Wednesday, August 7, 2013

And We're Off!

School's started back up and we're already in 6th gear.  I read 250 pages of patho, pharmo & Bates' before the first day of lectures which seems to be about par for reading assignments for the rest of the term.  Yay.  Today is the second day and I'm already behind. 

Last year, our doctoring course was a fou fou easy-pass write off. Not so this time around.  I'm nervous about it.  We have our first OSCE- neuro in less than two weeks.

Yesterday during our third class, the lecturer started off with several slides of a Canadian study not related to the material but demonstrating the 'time saved' by 'traditional' clinicians who put their stethoscopes in pockets as opposed to around the neck (the 'cool' clinicians).

Slide 1:  decreased TB transmission
Slide 2: breakdown of Canadian workers (Drs, RNs etc) who wear it around neck and, with an average 0.32sec slower retrieval, totally Canadian economic loss = some 5 million dollars/year.
Slide 3: BIG LETTERS: women 2x more likely to fall into the 'cool' (as opposed to 'traditional') category.
Slide 4: If this lecturer sees anyone wearing their stethoscope around their neck during his rotation: automatic fail.

I was so pissed off by the unabashedly sexist 'mini' lecture, I couldn't pay attention to the real material.  What a jerk- what a way to perpetuate the impression of women doctors (in 3 slides no less!) being less capable, less efficient, more dangerous to their patients, more concerned with image than being a good doc and less deserving of respect!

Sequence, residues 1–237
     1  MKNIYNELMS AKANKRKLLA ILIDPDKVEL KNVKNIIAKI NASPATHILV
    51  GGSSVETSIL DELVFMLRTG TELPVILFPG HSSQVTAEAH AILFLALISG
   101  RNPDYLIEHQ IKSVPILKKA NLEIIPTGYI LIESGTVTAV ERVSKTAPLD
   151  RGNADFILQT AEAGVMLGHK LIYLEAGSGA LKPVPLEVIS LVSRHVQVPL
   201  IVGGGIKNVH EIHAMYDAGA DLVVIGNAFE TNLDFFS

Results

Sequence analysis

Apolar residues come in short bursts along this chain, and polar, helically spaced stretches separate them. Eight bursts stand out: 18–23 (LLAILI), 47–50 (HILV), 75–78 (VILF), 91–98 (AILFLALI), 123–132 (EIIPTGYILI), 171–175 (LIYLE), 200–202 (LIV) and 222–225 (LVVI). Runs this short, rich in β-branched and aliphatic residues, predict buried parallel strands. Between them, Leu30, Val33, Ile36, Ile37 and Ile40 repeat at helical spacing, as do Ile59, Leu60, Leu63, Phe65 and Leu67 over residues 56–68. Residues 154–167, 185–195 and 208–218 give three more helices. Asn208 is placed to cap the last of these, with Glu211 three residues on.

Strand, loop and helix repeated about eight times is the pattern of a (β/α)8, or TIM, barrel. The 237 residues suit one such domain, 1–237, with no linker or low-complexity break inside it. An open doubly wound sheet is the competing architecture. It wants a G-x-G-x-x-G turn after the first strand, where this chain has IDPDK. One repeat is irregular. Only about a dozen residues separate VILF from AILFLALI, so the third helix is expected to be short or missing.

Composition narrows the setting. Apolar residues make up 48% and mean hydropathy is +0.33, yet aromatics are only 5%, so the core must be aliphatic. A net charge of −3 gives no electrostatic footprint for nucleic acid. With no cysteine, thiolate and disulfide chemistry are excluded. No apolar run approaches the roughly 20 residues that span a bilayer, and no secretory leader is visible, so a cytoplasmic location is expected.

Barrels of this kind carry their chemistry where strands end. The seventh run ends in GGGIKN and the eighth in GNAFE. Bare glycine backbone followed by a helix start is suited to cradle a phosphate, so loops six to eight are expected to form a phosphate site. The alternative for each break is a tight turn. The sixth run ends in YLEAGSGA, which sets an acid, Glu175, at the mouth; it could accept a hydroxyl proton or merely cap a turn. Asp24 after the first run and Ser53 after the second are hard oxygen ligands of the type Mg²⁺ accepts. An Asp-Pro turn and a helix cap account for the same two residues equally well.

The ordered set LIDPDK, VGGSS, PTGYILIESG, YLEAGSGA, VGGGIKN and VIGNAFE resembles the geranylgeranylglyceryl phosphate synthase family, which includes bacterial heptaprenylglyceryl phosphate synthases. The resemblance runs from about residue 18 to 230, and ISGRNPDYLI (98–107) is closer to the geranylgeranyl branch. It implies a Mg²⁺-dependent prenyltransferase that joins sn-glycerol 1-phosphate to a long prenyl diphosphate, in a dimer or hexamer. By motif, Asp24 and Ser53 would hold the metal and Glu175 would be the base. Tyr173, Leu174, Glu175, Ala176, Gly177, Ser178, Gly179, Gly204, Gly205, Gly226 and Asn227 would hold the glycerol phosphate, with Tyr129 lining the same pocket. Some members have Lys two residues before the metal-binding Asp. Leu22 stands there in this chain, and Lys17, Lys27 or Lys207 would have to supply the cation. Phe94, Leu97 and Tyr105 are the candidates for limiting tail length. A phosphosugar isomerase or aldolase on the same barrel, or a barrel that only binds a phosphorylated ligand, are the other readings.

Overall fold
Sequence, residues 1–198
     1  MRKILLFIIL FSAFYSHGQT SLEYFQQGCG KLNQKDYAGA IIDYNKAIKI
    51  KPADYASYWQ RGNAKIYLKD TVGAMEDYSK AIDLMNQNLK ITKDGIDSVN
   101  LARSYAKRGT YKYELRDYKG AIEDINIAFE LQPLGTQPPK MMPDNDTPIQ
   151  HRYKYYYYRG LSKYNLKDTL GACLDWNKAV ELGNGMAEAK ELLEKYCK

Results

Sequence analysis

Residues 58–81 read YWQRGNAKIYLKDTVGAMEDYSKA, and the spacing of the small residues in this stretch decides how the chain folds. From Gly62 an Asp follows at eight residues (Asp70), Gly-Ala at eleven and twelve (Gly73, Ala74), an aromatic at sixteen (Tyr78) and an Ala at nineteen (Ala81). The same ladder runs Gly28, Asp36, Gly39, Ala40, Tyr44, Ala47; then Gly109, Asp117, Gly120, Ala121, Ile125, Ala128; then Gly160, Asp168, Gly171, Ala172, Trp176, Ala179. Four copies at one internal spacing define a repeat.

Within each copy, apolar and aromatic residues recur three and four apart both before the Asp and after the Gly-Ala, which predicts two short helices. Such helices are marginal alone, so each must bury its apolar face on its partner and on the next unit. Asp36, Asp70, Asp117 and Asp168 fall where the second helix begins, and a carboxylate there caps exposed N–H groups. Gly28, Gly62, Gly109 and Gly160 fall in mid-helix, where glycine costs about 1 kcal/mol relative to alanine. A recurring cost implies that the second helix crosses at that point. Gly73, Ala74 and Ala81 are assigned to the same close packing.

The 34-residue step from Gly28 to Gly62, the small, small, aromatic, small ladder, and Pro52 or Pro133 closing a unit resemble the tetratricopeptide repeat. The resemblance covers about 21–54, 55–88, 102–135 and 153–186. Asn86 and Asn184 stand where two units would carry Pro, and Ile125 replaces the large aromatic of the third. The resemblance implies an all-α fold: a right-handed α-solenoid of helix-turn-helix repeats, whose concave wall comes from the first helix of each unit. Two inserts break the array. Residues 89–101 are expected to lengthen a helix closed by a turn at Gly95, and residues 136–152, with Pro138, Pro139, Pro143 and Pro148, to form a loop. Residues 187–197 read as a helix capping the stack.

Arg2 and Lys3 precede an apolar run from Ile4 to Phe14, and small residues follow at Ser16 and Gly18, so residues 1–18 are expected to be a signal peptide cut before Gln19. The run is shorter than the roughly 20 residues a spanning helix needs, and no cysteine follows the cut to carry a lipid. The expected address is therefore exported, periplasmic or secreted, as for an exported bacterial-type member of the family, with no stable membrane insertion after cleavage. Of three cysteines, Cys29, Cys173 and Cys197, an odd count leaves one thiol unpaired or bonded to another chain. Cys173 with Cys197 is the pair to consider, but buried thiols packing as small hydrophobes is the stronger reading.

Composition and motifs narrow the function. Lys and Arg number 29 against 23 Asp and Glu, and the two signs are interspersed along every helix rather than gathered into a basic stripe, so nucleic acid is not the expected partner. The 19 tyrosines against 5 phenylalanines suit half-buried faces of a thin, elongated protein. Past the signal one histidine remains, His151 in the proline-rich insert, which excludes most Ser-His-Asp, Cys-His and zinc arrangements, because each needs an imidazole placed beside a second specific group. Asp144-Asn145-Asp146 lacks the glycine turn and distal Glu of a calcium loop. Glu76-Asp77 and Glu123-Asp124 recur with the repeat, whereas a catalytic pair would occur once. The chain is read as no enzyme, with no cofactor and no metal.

1. Ties (that men ubiquitously wear) are much more likely to transmit infections. Stethoscopes can be wiped down after leaving infected rooms. I have yet to see any man change his tie.
2. The 'unisex' lab coats are really mens' coats that women wear. Many of us larger hipped folks have to deal with a tighter fit around the waist making it much easier for things to fall out of pockets. And having big bulky metal things banging against hips is much less comfortable.
3. We tend to be smaller- certainly smaller than this lecturer's 6ft+ height. Smaller coat = smaller, shallower pockets= increased likelihood of things falling out.
4. Nurses, at least at the hospitals that I've worked, don't typically wear coats so the data is completely skewed.
5. There was no cross study of folks switching to the other method to determine if the 'savings' of 0.32 secs/use is accurate. 

Oooh, writing this, my level of 'pissed-offedness' has just skyrocketed.

Here are some photos of the Fields Museum  and the little sushi place where I had dinner in Chicago: